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Freedom of religion and belief is a human right
Everyone in the UK has the freedom of religion and belief, which is a fundamental human right protected by a number of international treaties and declarations. This right encompasses freedom of thought on all matters. No matter what your family or the wider community says and irrespective of your race, sex, age, and background, you have this fundamental right.
Know how to protect yourself
- If you are worried about your personal safety, take it seriously. Consider the risk and whether you should involve the police.
- Open a separate/secret bank or savings account
- Leave copies of important documents such as passport, National Insurance number and birth certificate along with spare clothing and cash with a trusted friend.
- Keep helpline numbers close at hand. Have a telephone card or change for urgent phone calls.
- Arrange alternative emergency accommodation in case of need.
Your internet, e-mail and document use activities leave traces on your computer that can be found. Use a computer to which those you are fearful of do not have access to, such as at work, in a library, or a friend’s computer. Cover your tracks when searching for information, emailing about your situation or visiting sites and web-forums like those of the CEMB if you are using a computer that others may have access to.
Know that you are not alone
There are many people who are in or have been in your situation. Don’t despair. It really helps to meet other like-minded people who know what you are going through.
You can do this by becoming a member of the CEMB, coming to its events, and joining the CEMB’s web forum. There are also many local skeptic, humanist, secularist and atheist groups in various parts of the country that would be more than happy to lend a hand. They also have regular meetings, where you can meet like-minded people and get support.
Help is at hand
Make sure you know about your rights and options so that you can make informed choices. There are many organisations that provide assistance and support. Don’t be afraid to ask for help.
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Respect the person’s choices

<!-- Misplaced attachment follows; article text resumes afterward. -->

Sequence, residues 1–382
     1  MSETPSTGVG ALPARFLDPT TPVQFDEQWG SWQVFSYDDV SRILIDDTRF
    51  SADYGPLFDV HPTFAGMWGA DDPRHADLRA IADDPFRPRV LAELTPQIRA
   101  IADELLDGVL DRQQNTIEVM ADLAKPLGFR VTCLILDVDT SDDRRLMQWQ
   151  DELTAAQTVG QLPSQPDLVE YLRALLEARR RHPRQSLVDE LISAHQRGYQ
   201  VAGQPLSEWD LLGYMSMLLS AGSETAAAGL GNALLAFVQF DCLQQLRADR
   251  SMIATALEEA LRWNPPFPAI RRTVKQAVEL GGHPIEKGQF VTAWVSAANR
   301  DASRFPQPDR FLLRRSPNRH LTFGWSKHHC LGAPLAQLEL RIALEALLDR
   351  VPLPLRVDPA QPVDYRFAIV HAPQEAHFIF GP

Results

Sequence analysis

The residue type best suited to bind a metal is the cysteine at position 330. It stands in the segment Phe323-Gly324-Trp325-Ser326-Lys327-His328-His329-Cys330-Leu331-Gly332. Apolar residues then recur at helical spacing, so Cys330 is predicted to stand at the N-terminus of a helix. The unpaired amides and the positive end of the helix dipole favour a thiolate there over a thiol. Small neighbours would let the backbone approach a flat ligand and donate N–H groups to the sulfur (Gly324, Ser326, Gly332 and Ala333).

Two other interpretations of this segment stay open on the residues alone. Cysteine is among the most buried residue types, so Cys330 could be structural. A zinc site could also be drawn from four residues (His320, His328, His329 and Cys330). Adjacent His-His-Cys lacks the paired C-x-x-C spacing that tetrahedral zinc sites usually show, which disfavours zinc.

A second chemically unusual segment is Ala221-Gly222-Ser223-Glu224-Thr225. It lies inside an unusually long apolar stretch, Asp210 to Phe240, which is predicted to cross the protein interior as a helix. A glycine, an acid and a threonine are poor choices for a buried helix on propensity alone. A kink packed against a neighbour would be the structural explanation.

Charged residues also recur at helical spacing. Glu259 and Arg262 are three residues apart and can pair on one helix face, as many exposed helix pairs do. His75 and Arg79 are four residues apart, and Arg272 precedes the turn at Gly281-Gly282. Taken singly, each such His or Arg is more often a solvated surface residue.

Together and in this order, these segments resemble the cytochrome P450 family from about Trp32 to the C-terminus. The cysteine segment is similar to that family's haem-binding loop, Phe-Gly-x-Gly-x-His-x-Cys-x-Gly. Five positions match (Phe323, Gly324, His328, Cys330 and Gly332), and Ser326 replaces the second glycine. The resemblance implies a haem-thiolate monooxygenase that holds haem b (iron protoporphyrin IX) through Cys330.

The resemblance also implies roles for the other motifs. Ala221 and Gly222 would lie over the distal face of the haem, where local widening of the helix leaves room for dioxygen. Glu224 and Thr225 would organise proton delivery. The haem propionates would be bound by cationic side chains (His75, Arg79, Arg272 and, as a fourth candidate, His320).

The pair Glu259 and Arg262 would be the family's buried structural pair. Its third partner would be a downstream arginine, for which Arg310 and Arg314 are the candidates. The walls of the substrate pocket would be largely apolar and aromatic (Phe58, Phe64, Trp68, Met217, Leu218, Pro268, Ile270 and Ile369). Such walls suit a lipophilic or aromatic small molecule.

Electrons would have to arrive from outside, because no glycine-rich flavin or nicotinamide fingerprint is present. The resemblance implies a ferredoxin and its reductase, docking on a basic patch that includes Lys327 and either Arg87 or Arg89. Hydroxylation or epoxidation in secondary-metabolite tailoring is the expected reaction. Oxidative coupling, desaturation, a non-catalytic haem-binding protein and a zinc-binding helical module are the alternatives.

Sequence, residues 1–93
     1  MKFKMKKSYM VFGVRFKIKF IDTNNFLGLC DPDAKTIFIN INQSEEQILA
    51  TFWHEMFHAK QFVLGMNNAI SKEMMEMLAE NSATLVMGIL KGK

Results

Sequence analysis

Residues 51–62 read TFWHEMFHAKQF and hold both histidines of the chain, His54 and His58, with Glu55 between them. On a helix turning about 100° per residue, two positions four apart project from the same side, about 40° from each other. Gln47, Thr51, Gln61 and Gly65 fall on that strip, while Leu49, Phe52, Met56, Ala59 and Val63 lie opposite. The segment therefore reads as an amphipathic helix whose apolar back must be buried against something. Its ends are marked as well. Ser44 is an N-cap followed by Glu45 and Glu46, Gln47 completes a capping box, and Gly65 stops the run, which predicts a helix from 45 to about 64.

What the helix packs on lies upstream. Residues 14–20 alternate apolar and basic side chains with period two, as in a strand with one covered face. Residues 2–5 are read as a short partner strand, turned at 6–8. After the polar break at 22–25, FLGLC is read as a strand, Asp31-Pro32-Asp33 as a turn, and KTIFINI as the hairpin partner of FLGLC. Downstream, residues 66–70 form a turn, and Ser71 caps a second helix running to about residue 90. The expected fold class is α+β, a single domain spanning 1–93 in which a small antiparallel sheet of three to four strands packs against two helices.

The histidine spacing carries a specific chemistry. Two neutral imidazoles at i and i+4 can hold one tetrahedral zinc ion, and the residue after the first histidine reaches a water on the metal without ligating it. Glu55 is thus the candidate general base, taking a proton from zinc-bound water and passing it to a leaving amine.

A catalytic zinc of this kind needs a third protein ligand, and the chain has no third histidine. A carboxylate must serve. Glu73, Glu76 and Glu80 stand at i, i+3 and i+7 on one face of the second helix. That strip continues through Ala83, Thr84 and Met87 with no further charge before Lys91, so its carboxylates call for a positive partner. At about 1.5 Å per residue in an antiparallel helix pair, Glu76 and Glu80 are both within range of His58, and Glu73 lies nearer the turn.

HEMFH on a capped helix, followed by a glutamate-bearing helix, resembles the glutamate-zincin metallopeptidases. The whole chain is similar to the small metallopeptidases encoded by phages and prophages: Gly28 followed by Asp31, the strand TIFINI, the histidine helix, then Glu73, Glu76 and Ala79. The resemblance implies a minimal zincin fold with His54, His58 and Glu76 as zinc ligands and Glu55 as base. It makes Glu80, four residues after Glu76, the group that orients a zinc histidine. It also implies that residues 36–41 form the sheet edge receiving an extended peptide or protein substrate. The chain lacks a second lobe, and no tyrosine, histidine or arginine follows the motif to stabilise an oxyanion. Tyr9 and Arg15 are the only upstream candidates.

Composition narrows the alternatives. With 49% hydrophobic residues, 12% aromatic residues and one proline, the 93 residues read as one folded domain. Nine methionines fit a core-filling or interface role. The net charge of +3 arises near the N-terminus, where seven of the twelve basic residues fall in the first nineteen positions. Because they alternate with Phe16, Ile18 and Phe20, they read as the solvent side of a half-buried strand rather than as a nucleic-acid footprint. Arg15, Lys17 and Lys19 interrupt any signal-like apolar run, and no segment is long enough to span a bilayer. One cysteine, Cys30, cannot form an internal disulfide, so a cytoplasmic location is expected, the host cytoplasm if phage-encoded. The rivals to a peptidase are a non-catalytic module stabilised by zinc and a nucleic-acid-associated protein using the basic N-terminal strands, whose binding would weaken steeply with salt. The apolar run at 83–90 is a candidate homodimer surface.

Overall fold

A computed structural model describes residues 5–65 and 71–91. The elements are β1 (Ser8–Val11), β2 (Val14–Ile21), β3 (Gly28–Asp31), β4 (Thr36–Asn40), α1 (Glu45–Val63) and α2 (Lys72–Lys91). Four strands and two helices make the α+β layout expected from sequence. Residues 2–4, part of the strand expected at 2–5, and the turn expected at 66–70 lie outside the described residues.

Disclosures of fear should not be dismissed – for many people, seeking help from an agency is a last resort and therefore all disclosures should be taken seriously.
Do not involve the family
Involving families in such cases is dangerous. It may increase the risk of serious harm.
Do not use community leaders, neighbours and relatives as interpreters
People may feel embarrassed to discuss personal issues in front of them and sensitive information may be passed on to others and place the victim in danger.
Interview them in a private place:
Never speak to them in the presence of “friends.”
Explain their options:
Options victims have include seeking legal protection; leaving their family, starting a new life and possibly having to remain in hiding or live a life of ostracism and isolation; prosecute their family; or return to the family and hope the situation can be resolved. All the risks must be explained. There may be serious risk of harm if they choose to return to the family. To leave and start a new life can make them extremely vulnerable.
Establish whether they can be contacted in confidence at work, school, college, or through a trusted friend or organisation. If they have moved, do not meet the person at their new address, refuge or friend’s house as you may be followed.
Confidentiality and information sharing are going to be extremely important for anyone in a threatened situation.
Do not Encourage, initiate or facilitate family counselling, mediation, arbitration and reconciliation
Mediation and arbitration can place someone at risk of further emotional and physical abuse whether these are offered by Sharia councils, Muslim Arbitration Tribunals, imams and religious or professional groups.
Personal safety advice
If someone is planning to leave or the perpetrators suspect they might leave, they should take measures to ensure their safety and assess risk.
Under 18 Ex-Muslims
Ultimately, the first concern should be for the welfare of the young person. They may be at risk of significant harm if they are returned to their family. In these situations, police and Children and Young People’s Services should feel confident about justifying their actions, because experience shows that if information is shared with their family and friends it may place the person in danger.
A successful seminar was held on Sharia Law on Monday 8 March 2010 at Conway Hall in London to mark International Women’s Day. The seminar brought together Muslims, ex-Muslims, women’s rights campaigners, lawyers and politicians to outline the problems with Muslim Arbitration Tribunals and Sharia Councils and to propose recommendations for prohibiting religious tribunals and bringing about equal rights for all. Speakers at the seminar included: Yasmin Alibhai-Brown (British Muslims for Secular Democracy); Yassi Atasheen (One Law for All); Clara Connolly (Women Against Fundamentalism); David Green (Civitas); Denis MacShane (MP); Rony Miah (Council of Ex-Muslims of Britain and Lawyers’ Secular Society); Maryam Namazie (One Law for All) and Pragna Patel (Southall Black Sisters). A report of the seminar’s findings is to be published shortly.